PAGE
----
Victorian Art, Overlooked and Out of Fashion, Performs Well at Sotheby’s
The Scott collection of Victorian narrative pictures, 242 lots of them, sold for £4.6 million with 88% of the lots finding buyers.
Bloomberg‘s Scott Reyburn picks up the action:
“We haven’t seen the galleries and the saleroom as full and busy for a Victorian picture sale for many years,” said Grant Ford, Sotheby’s specialist in charge of the auction [ . . . ]
A record 1 million pounds with fees was paid for Sophie Anderson’s sentimental 1850s oil, “No Walk Today,” showing an elaborately dressed little girl gazing dejectedly through a window at falling rain. The 19-inch-high canvas, bought by Scott in 1926, had been expected to fetch between 600,000 pounds and 800,000 pounds. The buyer was an anonymous bidder at the back of the saleroom who left immediately after making his purchase.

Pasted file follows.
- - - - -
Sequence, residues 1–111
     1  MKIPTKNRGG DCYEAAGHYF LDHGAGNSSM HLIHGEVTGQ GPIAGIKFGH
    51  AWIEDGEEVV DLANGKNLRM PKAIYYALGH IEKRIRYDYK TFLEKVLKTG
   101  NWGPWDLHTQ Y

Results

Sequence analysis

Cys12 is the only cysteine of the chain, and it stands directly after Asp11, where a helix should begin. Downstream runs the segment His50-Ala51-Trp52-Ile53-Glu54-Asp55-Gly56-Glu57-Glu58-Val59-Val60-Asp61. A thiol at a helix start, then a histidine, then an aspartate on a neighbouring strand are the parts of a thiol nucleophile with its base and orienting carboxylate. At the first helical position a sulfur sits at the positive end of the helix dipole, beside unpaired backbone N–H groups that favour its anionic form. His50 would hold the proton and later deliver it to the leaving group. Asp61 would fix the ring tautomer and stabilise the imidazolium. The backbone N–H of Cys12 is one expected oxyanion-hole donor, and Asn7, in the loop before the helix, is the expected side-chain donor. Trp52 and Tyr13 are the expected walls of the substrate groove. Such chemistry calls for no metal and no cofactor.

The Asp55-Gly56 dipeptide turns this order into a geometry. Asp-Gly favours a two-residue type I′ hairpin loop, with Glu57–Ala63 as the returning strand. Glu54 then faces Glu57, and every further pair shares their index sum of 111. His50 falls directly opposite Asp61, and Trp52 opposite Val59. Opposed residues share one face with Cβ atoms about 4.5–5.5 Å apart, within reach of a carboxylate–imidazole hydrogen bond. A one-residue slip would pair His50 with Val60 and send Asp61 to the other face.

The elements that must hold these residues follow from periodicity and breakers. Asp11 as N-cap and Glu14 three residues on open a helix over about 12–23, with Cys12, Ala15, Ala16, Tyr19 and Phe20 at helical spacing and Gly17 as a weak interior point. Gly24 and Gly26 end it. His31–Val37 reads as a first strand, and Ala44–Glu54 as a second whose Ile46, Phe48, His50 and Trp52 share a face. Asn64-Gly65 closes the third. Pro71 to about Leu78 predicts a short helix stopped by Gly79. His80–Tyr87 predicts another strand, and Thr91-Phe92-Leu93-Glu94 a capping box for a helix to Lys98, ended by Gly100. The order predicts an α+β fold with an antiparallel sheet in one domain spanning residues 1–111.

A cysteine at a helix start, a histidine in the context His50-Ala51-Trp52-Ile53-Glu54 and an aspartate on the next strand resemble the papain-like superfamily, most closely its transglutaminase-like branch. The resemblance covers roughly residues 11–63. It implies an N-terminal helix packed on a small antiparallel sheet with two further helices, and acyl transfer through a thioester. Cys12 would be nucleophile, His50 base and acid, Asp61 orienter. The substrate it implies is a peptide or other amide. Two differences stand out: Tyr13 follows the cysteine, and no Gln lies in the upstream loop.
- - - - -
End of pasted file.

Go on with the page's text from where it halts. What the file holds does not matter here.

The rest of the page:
14 records were set for artists by the 280 bidders registered for the event. Over 56% of the lots went for prices above the high estimates. Sounds strange, doesn’t it? Six months ago those statistics would have described a contemporary art auction. But the bidders weren’t quick to claim a rush to Victorian art. Bloomberg again:
“In normal conditions this sale wouldn’t have done as well,” said London dealer Julian Hartnoll, who underbid the Dyce landscape. “It’s all down to Sotheby’s marketing and the fact that it’s a one-man collection,” he said in an interview.